Waiting Process

Waiting for a donor heart

The waiting period can take several days, weeks, months, or years. It is not something that one can predict. If you are from out-of-town, you will be asked to live within one hour of the hospital once you are placed on the waiting list. The transplant coordinator must be able to locate you 24 hours a day.

Determining wait list status

After a patient is evaluated and found to be a suitable transplant candidate, the patients’ medical information is sent to UNOS (United Network for Organ Sharing) for placement on the national heart transplant waiting list. A patient can be listed as 1 of 4 statuses:

  • Status 1A must be admitted to the listing hospital and meet one of the following criteria:
    • Requires continuous mechanical ventilation
    • Requires assistance of an intra-aortic balloon pump
    • Has ductal dependent pulmonary or systemic circulation, with a ductal patency maintained by a stent or prostaglandin infusion
    • Has hemodynamically significant congenital heart disease diagnosis, and requires infusion of multiple intravenous inotropes or a high dose single intravenous inotrope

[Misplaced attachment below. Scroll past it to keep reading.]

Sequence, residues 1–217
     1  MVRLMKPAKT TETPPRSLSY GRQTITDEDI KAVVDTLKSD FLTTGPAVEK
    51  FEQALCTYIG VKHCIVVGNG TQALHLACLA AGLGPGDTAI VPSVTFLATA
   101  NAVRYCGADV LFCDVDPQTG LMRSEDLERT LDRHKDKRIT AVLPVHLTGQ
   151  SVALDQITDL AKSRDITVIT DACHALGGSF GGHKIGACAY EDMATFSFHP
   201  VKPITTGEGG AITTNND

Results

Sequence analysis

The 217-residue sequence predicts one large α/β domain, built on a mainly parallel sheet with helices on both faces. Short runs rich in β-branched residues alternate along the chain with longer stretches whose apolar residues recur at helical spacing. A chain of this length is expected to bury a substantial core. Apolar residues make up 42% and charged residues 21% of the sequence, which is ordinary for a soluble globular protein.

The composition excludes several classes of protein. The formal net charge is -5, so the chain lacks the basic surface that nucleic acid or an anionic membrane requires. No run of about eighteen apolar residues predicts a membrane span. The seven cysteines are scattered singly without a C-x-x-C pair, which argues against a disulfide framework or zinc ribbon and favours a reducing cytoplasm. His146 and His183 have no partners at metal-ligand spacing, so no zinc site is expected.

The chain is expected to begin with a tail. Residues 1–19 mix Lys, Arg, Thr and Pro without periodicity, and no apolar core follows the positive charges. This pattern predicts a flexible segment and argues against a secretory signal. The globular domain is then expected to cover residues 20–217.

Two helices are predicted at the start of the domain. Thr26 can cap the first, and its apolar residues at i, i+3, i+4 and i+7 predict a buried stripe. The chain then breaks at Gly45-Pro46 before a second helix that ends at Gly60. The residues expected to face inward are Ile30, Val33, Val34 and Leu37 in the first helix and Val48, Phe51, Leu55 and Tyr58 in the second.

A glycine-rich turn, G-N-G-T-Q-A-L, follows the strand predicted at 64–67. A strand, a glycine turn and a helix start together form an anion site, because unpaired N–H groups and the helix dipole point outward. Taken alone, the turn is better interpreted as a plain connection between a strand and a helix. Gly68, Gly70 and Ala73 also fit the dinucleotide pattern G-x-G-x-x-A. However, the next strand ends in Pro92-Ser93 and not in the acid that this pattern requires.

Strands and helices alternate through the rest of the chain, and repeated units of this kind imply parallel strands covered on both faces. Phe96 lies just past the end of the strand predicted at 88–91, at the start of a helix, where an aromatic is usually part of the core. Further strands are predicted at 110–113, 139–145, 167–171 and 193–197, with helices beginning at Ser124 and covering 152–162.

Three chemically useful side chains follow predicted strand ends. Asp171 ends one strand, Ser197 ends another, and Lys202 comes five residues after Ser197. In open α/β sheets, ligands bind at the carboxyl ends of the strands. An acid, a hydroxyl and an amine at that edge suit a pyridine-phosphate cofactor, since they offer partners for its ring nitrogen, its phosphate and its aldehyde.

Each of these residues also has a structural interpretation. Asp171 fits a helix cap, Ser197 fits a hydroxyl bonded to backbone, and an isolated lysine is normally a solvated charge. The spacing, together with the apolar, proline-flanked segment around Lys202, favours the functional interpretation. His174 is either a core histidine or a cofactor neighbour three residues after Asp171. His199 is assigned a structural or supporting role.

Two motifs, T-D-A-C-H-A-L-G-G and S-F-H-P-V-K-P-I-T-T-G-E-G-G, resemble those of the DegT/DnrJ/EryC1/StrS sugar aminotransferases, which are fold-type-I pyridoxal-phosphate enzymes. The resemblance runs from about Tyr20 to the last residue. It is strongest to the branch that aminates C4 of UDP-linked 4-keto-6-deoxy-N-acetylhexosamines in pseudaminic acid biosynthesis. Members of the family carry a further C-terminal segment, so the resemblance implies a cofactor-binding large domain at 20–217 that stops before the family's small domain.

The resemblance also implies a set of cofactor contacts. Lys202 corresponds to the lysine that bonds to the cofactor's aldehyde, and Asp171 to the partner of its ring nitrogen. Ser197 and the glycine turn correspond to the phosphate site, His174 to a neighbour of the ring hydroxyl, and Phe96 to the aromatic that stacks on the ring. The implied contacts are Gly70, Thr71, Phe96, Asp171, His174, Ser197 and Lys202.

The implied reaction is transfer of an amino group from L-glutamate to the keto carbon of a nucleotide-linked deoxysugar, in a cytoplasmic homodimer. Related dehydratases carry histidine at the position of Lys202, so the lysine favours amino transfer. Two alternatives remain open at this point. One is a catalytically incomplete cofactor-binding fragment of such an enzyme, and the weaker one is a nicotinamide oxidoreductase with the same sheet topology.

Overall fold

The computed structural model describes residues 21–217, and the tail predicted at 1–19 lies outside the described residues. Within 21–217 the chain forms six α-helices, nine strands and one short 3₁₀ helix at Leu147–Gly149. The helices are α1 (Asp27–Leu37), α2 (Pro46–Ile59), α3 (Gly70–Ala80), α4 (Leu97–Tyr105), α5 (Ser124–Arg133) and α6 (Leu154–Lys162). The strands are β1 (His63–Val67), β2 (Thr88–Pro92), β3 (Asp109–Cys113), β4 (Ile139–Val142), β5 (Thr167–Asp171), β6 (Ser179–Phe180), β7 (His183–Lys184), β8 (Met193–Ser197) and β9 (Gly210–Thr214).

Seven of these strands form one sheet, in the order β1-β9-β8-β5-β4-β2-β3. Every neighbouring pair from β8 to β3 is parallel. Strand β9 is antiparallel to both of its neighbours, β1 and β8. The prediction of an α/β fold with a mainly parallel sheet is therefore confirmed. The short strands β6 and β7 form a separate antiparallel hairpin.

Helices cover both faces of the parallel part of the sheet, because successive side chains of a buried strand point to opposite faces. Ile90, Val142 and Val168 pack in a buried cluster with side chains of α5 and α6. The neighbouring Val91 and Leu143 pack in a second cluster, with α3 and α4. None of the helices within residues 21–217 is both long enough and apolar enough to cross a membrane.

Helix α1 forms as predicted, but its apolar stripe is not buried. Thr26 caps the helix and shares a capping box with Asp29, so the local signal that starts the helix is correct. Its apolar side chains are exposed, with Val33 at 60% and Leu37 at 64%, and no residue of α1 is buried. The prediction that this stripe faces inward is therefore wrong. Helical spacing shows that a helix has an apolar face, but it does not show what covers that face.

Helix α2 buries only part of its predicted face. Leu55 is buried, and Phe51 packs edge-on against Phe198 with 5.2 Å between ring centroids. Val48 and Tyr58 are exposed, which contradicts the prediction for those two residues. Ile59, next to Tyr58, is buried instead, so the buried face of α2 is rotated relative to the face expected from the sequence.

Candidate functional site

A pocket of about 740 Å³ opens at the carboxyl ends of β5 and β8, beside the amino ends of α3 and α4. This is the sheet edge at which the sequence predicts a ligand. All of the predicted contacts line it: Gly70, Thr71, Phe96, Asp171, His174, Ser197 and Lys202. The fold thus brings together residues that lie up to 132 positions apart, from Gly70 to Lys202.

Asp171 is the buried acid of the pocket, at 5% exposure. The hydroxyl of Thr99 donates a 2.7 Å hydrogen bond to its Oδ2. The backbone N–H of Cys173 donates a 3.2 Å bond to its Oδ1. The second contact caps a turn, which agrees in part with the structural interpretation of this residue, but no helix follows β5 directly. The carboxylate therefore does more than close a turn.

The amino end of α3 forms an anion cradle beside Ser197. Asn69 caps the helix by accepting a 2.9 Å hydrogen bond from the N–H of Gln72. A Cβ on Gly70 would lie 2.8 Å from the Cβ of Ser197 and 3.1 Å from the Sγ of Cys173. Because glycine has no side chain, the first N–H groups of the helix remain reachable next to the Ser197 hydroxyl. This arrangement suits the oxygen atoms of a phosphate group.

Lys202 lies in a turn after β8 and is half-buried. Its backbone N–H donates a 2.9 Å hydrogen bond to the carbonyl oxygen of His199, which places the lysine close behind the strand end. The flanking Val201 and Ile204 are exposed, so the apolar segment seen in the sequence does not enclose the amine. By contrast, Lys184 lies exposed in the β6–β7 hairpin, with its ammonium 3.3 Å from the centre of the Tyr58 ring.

• May or may not be admitted to the listing hospital and:
    • Requires assistance of a mechanical circulatory support device
    • By exception, the candidate is admitted to the listing hospital and the physician believes the candidate, using acceptable criteria, has an urgency and potential benefit comparable to that of other candidates at the requested status.
  • Status 1B must meet at least one of the following criteria:
    • Requires infusion of one or more inotropic agents but does not qualify for status 1A
    • Less than one year old at the time of candidate’s initial registration and has a diagnosis of hypertrophic or restrictive cardiomyopathy
    • By exception, the candidate is admitted to the listing hospital and the physician believes the candidate, using acceptable criteria, has an urgency and potential benefit comparable to that of other candidates at the requested status.
  • Status 2 includes all other candidates for heart transplantation.
  • Status 7 are temporarily inactive patients for a specific reason, these patients do not accrue more time but do not lose the time they have already accrued.

Changes in a patient’s UNOS status are made by the transplant service based on the patient’s clinical condition. If the patient’s medical condition changes, the UNOS status is reassessed and updated. Hearts are allocated to children based on blood types, body size and then to the child with the longest wait time and the highest priority status.